Gianluigi Buffon’s career looked like it might be reaching its end as early as 2010. At the age of 32, chronic back trouble was keeping him out for increasingly long spells.
Juventus were having to call on the likes of Alex Manninger and Marco Storari with worrying regularity, and at half-time of the opening game of Italy’s abysmal 2010 World Cup campaign Buffon was replaced by Federico Marchetti after suffering a herniated disc which was by that point plaguing his career.
Goalkeepers and back trouble don’t normally go well together, and such persistent problems can often spell the end for shot-stoppers. But Buffon is a very different type of keeper, with a very different mentality.
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Having returned from that World Cup injury seven months later, he has added another 397 career appearances to his CV in the 12 years since. In that spell he has picked up 19 further winner’s medals, including nine league titles with Juve and Paris Saint-Germain.
These days, he is back with his first club Parma, recently returning after a spell out with hamstring trouble. He turns 45 on Saturday, but there remains no end in sight to what has been an incredible career.
Buffon has made more than 1100 senior appearances since his Serie A debut for the Gialloblu as a 17-year-old against reigning champions AC Milan, while his first appearance for his country is the stuff of legend in the Bel Paese. Coming on as a substitute half-an-hour into the World Cup qualifying play-off away to Russia in freezing, snowy conditions in Moscow, the then-19-year-old turned in a fantastic performance to help the Azzurri claim a first-leg draw before going on to win the return game and qualify for the 1998 finals in France.
The best bit about Buffon, and the thing which has given him the ability to keep playing into his mid-40s, is his attention to detail. For a goalkeeper, he has tremendous work-rate and for decades now he has stood out as the king of being able to come up with a vital intervention after a period of inactivity.
That quality was particularly important in his first of two spells with Juventus, whom he joined from Parma in a €52 million move in 2001 which would remain a world record for a goalkeeper until Alisson Becker signed for Liverpool in 2018.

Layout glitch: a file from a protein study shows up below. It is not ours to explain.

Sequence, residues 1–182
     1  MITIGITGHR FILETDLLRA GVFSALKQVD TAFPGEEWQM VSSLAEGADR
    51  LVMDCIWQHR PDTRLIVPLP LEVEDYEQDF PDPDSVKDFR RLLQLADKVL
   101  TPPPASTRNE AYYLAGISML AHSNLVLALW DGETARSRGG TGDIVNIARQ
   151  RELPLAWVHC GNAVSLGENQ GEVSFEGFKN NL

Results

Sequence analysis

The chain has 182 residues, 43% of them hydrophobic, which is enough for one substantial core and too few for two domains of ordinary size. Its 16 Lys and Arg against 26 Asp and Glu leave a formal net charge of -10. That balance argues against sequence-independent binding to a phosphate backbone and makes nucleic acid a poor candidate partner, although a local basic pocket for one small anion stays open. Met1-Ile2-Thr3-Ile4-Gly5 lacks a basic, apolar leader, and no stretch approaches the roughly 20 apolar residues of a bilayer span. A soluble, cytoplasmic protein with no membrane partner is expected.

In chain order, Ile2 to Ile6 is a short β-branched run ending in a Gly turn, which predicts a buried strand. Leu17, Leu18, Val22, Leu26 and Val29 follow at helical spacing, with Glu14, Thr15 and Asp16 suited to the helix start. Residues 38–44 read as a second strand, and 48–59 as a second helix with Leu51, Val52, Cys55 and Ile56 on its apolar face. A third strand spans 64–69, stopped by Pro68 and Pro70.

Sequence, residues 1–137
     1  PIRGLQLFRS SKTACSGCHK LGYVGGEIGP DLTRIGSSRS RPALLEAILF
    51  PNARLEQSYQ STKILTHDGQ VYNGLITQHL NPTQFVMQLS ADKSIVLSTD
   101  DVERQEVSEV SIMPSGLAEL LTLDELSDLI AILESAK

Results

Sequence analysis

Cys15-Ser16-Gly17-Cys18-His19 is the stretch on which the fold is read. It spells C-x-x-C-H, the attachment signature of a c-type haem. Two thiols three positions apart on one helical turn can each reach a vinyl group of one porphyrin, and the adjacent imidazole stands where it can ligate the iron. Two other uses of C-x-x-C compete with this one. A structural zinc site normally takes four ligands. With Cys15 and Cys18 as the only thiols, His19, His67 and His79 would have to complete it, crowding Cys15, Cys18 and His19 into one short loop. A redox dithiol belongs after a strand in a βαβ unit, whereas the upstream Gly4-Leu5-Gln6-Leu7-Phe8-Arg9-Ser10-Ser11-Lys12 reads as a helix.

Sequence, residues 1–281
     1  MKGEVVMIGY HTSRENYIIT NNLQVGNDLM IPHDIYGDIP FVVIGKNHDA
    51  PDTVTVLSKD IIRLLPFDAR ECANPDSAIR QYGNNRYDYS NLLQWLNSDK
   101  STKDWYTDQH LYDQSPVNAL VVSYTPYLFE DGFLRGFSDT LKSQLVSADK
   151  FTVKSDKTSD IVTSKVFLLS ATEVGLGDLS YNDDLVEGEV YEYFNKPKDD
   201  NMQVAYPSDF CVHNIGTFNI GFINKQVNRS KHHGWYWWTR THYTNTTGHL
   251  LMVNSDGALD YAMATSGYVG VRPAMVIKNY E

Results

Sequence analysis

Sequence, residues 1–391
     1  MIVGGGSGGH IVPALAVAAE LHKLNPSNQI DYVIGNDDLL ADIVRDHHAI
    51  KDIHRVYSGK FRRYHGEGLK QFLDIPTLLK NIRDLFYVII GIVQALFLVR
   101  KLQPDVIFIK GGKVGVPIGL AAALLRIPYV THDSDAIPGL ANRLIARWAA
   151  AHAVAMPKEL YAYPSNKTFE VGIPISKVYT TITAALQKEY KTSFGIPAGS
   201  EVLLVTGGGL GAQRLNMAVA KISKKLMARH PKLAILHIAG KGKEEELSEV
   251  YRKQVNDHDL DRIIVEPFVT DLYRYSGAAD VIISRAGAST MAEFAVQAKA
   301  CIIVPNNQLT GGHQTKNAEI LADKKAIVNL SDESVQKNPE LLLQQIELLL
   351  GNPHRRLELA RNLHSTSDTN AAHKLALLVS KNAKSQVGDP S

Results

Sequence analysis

Juve got their money’s worth and then some. He was the constant through a period which saw the Old Lady win regular league titles, reach a Champions League final, then go through the ignominy of demotion after the Calciopoli scandal. After their immediate return but subsequent struggle to challenge in Serie A, Antonio Conte came in to lead a new-look Juve in a brand new stadium to the first of nine straight Scudetti. And still, Buffon was there at the forefront. As the likes of Alessandro Del Piero, David Trezeguet and Mauro Camoranesi gradually moved aside, Buffon became Mr Juventus.
For a goalkeeper to be shortlisted for the Ballon d’Or 10 times is something special, and Gigi even came second to Azzurri team-mate Fabio Cannavaro in 2006 after they had won the World Cup together. That he came fourth 11 years later, still a regular for Juventus, again a Champions League finalist, and every bit as important as he ever was in the Italy national setup says great things for his professionalism down the years.
He could go on forever. His current Parma deal lasts until the summer of 2024, and he has hinted that he’d be happy to play on into his mid-50s.
“I had 10 years with Parma in my first spell, then 20 with Juventus, one with Paris and another two with Juve and now I close the circle with Parma,” he told Alfredo Pedulla last summer. “And I’m not 100 yet! Could I retire at 55? More or less. For 10 years I’ve been thinking about when I might retire but then I always go on.”
Gianluigi Buffon has given his life to football over the last three decades, but we could be seeing plenty more of him for some time yet.
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